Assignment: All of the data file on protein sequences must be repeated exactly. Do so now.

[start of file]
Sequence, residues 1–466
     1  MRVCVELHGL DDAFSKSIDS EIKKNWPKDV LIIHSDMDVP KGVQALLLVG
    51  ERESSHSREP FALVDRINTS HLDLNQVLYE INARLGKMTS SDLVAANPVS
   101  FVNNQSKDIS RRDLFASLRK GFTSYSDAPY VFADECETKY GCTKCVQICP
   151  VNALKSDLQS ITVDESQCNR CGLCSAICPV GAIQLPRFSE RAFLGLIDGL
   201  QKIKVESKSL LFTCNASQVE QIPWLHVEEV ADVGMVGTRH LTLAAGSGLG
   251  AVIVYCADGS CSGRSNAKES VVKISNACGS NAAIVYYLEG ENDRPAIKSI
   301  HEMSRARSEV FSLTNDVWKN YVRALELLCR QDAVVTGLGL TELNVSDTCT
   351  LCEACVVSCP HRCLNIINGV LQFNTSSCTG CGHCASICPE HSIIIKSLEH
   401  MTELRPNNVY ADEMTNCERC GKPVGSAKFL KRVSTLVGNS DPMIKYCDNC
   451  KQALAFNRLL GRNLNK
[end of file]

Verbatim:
Sequence, residues 1–466
     1  MRVCVELHGL DDAFSKSIDS EIKKNWPKDV LIIHSDMDVP KGVQALLLVG
    51  ERESSHSREP FALVDRINTS HLDLNQVLYE INARLGKMTS SDLVAANPVS
   101  FVNNQSKDIS RRDLFASLRK GFTSYSDAPY VFADECETKY GCTKCVQICP
   151  VNALKSDLQS ITVDESQCNR CGLCSAICPV GAIQLPRFSE RAFLGLIDGL
   201  QKIKVESKSL LFTCNASQVE QIPWLHVEEV ADVGMVGTRH LTLAAGSGLG
   251  AVIVYCADGS CSGRSNAKES VVKISNACGS NAAIVYYLEG ENDRPAIKSI
   301  HEMSRARSEV FSLTNDVWKN YVRALELLCR QDAVVTGLGL TELNVSDTCT
   351  LCEACVVSCP HRCLNIINGV LQFNTSSCTG CGHCASICPE HSIIIKSLEH
   401  MTELRPNNVY ADEMTNCERC GKPVGSAKFL KRVSTLVGNS DPMIKYCDNC
   451  KQALAFNRLL GRNLNK